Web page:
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Does car insurance cover a write-off?

What to expect when your car is totaled or gets damaged beyond repair after an accident

Updated

Fact checked

After your car is towed away after a major car accident, you might be wondering if you’ll ever get to drive it again. Your options for dealing with a totaled car and any payouts depend on your car insurer and your state laws.

What is a write-off?

A write-off happens when your insurance company pays you the value of your car, rather than paying for repairs after an accident. Your car may get written off if it sustains so much damage that it won’t drive safely or isn’t worth the cost of repairs. A write-off is also called a total loss.

How do insurance companies determine a write-off?

The criteria for write-offs can depend on the state you live in. Insurance companies may use several different formulas based on state guidelines to calculate whether a vehicle should get written off:

  • Total loss ratio considers how much repairs might cost as a percentage of your car’s actual cash value. It gets calculated as the cost for repairs divided by actual cash value. States may set limits on how high the ratio between repair costs and car value can be before the car is considered a write-off. That ration can fall anywhere between 50% and 100%.
  • Total loss formula considers your car’s repair costs and salvage value before declaring it a write-off. If the cost of repairs plus the salvage value totals more than the actual cash value, the car is considered a write-off.
  • salvage value + cost of repair > cash value of vehicle = write-off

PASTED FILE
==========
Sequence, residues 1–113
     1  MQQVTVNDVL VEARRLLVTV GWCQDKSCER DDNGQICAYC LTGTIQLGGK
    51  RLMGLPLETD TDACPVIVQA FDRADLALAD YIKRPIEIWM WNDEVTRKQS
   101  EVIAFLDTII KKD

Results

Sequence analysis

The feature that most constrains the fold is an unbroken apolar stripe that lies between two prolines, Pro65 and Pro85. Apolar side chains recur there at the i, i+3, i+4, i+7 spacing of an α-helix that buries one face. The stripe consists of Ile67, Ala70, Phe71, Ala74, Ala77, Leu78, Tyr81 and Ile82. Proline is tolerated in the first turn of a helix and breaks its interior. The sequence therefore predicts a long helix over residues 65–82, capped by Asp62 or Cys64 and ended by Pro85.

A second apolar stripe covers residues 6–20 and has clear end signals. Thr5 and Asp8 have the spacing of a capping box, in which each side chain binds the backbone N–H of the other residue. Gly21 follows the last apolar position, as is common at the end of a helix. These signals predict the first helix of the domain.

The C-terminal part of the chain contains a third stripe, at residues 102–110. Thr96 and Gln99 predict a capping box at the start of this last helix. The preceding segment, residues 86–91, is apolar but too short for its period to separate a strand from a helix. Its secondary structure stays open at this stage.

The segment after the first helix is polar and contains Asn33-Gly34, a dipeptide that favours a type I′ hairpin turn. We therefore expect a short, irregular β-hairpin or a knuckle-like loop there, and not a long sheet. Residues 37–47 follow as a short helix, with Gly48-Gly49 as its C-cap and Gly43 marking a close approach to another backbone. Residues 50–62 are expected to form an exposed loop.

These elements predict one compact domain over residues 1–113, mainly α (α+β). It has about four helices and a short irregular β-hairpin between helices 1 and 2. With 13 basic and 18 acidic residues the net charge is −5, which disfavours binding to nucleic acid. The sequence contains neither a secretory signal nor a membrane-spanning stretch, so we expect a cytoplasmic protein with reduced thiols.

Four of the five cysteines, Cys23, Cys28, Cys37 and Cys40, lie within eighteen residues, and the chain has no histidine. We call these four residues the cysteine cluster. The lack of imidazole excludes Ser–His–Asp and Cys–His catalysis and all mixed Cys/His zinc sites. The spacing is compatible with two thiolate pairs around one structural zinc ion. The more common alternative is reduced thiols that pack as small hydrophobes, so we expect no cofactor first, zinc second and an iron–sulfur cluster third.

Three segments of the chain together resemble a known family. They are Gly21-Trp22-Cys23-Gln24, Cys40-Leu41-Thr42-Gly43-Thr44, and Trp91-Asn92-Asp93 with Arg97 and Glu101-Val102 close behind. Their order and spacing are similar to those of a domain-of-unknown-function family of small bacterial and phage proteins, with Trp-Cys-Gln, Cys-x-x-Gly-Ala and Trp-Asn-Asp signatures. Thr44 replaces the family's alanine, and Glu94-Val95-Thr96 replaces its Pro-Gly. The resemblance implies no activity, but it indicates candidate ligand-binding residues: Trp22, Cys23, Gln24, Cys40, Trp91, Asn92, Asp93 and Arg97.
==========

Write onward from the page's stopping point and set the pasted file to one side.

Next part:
• salvage value + cost of repair < cash value of vehicle = repair

When would my car be considered a write-off?

Each state sets its own laws determining when a car is considered totaled. For example, some states require a car to be written off when the cost of repairing the car is more than 75% of the value of the car. Other states have higher or lower thresholds, and some may use a total loss formula.

In some states, insurers may be given the final say in whether or not a car is totaled, provided they stick to all laws.

State laws for total loss threshold

Alabama75%MontanaTLF
AlaskaTLFNebraska75%
ArizonaTLFNevada65%
Arkansas70%New Hampshire75%
CaliforniaTLFNew JerseyTLF
Colorado100%New MexicoTLF
ConnecticutTLFNew York75%
DelawareTLFNorth Carolina75%
Florida80%North Dakota75%
GeorgiaTLFOhioTLF
HawaiiTLFOklahoma60%
IdahoTLFOregon80%
IllinoisTLFPennsylvaniaTLF
Indiana70%Rhode IslandTLF
Iowa50%South Carolina75%
Kansas75%South DakotaTLF
Kentucky75%Tennessee75%
Louisiana75%Texas100%
MaineTLFUtahTLF
Maryland75%VermontTLF
MassachusettsTLFVirginia75%
Michigan75%WashingtonTLF
Minnesota70%West Virginia75%
MississippiTLFWisconsin70%
Missouri80%Wyoming75%

Case study: When a 2009 Nissan Altima is considered a write-off

Catherine drives a 2009 Nissan Altima worth about $7,000. If she gets in an accident that causes $5,000 in damage, the total loss ratio is 71%.

In states like Oklahoma or Minnesota, the 2009 Nissan Altima would be considered a write-off. But North Carolina or Texas insurers might repair the car because it doesn’t meet their state’s total loss ratio.

Kelly Blue Book mentions the salvage value of a car is about 50% of its original value, or $3,500 for Catherine’s Nissan Altima. Since the cost of repairs plus the salvage value totals more than the car’s value — $8,500 — the car would get written off in states using the total loss formula.

What are my options if my car gets written off?

If your car is declared a write-off by your insurer, you might choose to accept their decision or keep your car.

Accepting the write-off

If you accept your insurer’s decision to write off your car, you’ll need to sign the paperwork and receive your settlement check in person or by mail within a few days or weeks. However, the insurance payout may total less than the cost of buying a new car because it factors in depreciation.

Insurers calculate your payout using:

  • Your car’s listed value
  • Current sale prices of similar cars
  • The pre-accident condition of your car
  • Your car’s mileage

Keeping your car

If you don’t want to total your car, you have two options:

  • Keep the car, use the insurance money for repairs and get a rebuilt or salvage title.
  • Challenge the insurer’s decision.

What is a salvage title?